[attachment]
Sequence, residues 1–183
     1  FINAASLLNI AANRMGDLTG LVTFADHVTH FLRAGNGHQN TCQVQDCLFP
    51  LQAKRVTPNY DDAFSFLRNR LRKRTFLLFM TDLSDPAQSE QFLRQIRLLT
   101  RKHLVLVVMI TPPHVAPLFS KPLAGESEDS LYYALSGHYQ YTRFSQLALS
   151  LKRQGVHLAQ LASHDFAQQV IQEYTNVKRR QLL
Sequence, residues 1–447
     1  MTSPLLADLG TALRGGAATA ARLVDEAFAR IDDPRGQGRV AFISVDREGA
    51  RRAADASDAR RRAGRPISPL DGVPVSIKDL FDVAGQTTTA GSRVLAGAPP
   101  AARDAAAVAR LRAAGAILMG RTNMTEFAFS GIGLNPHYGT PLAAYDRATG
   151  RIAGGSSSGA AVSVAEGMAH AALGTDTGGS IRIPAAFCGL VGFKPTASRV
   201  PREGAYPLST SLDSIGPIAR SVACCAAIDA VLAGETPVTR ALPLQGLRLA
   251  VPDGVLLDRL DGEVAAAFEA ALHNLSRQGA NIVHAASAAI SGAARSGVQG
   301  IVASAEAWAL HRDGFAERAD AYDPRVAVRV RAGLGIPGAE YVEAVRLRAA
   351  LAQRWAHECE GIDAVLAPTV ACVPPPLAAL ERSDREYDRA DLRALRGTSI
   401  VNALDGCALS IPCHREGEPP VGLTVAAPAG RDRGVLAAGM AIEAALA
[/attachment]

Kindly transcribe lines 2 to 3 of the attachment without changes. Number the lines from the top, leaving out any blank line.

     1  FINAASLLNI AANRMGDLTG LVTFADHVTH FLRAGNGHQN TCQVQDCLFP
    51  LQAKRVTPNY DDAFSFLRNR LRKRTFLLFM TDLSDPAQSE QFLRQIRLLT